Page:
Emancipation: What it Means and Where it’s Legal

Child Emancipation, formally referred to as Emancipation of a Minor, is a legal process whereby a child under the age of 18 is legally declared an adult and assumes full responsibility for themselves, physically and financially. Becoming emancipated allows a person under the age of 18 to legally sign contracts, own property, and keep their own earnings.

The process of emancipation is very common in Hollywood, where there have been many child entertainers who seek emancipation to gain control over their finances. In California, a minor can ask the court for emancipation at the age of 14. However, the age at which emancipation is available varies by state. For example, in Connecticut, emancipation is only available beginning at the age of 16. Other requirements by which a court grants emancipation may also vary by state. However, the general requirements include marriage, active duty with the US armed forces, living separate and apart from the parents and lawfully managing their own finances, or a showing of good cause that emancipation is in the child’s best interest.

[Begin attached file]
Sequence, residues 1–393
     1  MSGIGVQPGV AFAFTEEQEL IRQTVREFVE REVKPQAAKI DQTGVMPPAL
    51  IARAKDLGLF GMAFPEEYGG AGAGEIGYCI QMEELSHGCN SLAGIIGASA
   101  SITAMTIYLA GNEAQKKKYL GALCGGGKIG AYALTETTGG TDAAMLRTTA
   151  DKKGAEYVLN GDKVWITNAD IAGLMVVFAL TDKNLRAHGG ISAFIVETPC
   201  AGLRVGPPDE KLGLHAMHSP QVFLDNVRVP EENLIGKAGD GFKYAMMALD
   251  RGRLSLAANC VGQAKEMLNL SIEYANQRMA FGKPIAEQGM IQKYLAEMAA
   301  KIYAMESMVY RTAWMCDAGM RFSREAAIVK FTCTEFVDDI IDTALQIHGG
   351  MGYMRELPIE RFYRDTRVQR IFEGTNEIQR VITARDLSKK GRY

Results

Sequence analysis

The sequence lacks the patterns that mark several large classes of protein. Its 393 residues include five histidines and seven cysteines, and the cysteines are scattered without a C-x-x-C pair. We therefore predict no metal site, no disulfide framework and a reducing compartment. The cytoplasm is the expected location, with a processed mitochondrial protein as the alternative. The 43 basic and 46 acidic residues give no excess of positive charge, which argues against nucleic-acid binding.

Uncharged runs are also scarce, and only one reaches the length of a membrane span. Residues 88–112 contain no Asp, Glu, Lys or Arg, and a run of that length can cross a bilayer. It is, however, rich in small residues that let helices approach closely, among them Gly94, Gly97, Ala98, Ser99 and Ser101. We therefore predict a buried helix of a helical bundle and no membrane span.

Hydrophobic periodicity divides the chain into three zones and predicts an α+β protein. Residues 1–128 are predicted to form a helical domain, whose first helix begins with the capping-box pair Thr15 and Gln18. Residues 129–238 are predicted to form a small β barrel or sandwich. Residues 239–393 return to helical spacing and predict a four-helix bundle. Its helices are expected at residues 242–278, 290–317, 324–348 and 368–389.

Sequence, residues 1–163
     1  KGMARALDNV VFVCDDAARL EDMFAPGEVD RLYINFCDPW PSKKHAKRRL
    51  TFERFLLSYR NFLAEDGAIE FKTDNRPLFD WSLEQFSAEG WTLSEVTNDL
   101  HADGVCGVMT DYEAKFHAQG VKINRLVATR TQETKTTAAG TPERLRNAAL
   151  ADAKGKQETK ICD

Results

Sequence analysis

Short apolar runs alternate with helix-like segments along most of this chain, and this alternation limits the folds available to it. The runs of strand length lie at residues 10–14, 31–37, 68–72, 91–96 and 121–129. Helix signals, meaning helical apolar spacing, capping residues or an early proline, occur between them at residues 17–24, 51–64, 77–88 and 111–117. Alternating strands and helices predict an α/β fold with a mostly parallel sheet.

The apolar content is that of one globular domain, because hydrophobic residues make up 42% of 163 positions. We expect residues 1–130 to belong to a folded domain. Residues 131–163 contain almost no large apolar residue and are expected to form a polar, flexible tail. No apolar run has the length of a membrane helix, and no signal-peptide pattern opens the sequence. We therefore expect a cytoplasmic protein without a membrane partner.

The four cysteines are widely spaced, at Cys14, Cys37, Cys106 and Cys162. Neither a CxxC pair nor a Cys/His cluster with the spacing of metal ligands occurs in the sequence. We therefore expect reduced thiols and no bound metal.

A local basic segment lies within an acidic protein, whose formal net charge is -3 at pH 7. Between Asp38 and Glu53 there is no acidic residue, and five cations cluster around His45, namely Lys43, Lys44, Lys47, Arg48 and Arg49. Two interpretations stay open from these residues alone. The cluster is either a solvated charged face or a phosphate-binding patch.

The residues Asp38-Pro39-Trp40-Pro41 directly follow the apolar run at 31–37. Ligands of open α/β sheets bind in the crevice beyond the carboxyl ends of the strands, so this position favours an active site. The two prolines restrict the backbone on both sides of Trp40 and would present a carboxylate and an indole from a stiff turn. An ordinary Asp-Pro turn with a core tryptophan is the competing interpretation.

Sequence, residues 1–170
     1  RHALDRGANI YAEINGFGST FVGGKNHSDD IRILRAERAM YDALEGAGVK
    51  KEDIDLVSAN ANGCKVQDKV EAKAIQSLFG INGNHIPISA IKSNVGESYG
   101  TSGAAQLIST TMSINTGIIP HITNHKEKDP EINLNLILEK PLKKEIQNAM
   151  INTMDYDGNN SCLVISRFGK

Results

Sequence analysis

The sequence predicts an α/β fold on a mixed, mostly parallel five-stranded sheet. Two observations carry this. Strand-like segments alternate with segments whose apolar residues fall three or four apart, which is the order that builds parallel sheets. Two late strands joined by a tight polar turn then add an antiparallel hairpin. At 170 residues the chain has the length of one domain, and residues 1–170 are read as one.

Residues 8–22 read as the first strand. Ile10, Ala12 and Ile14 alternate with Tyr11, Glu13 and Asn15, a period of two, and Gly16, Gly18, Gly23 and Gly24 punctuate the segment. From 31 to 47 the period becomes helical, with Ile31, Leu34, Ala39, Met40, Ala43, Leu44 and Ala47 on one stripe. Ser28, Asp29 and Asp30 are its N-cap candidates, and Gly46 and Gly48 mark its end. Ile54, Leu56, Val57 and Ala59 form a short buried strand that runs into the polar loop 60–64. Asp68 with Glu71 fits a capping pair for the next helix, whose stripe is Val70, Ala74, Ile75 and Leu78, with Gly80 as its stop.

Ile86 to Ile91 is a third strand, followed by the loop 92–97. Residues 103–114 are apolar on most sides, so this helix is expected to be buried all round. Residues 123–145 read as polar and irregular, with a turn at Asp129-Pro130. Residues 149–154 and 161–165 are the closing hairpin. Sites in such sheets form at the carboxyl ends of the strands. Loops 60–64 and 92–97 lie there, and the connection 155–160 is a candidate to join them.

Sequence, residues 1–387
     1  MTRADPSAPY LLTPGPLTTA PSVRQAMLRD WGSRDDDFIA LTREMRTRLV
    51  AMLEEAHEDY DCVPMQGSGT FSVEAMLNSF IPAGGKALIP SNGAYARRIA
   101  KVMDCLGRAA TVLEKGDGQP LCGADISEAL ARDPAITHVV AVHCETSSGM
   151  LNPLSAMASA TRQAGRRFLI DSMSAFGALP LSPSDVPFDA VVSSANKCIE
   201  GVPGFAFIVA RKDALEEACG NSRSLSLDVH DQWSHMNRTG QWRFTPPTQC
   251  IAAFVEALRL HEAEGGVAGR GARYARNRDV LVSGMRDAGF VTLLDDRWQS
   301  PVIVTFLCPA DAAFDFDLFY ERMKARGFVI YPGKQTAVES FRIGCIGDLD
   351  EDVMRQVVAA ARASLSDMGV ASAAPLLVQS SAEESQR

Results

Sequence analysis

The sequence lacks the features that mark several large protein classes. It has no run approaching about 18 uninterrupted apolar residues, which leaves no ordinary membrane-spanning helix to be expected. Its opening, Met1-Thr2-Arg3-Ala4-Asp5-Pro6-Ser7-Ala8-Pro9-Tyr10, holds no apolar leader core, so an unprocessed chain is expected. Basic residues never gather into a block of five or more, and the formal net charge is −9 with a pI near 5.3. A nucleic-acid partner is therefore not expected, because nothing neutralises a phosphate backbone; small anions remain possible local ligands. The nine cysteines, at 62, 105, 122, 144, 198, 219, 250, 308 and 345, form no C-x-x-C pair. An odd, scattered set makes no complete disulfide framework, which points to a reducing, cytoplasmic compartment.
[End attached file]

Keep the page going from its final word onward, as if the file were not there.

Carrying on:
Although many of the cases we hear about involve minors seeking emancipation for financial reasons, depending on the facts of the situation, emancipation may also be the best solution in cases of abuse. For example, if a 17 year old comes from an abusive home, and therefore decides to leave the home and they are able to financial support themselves; it may be a good idea to seek emancipation. Without emancipation, they cannot consent to certain medical procedures, enroll in college, enter into binding contracts, or register a vehicle without parental consent.

Due to the controversial nature of emancipation, it is not offered in every state. States without emancipation generally use traditional means of addressing abuse home environments through Child Protective Services, which can include foster care placement. There are currently 30 states in the US which offer emancipation. These include Alabama, Alaska, California, Colorado, Connecticut, Florida, Hawaii, Illinois, Kansas, Louisiana, Maine, Maryland, Massachusetts, Michigan, Montana, Nevada, New Hampshire, New Mexico, North Carolina, Oklahoma, Oregon, Pennsylvania, Rhode Island, South Dakota, Texas, Utah, Virginia, Washington, West Virginia, and Wyoming.

Emancipations are usually handled by the trial court of general jurisdiction in the county where the child lives. Depending on the state, this court can be called Superior Court, District Court, or Circuit Court. Some general jurisdiction courts have a separate division that will handle emancipation cases, such as a Family division or Juvenile division.

To locate where emancipation cases occur in your state, visit Courtreference.com and click on your state of interest to review the trial court system and find links to court resources.�

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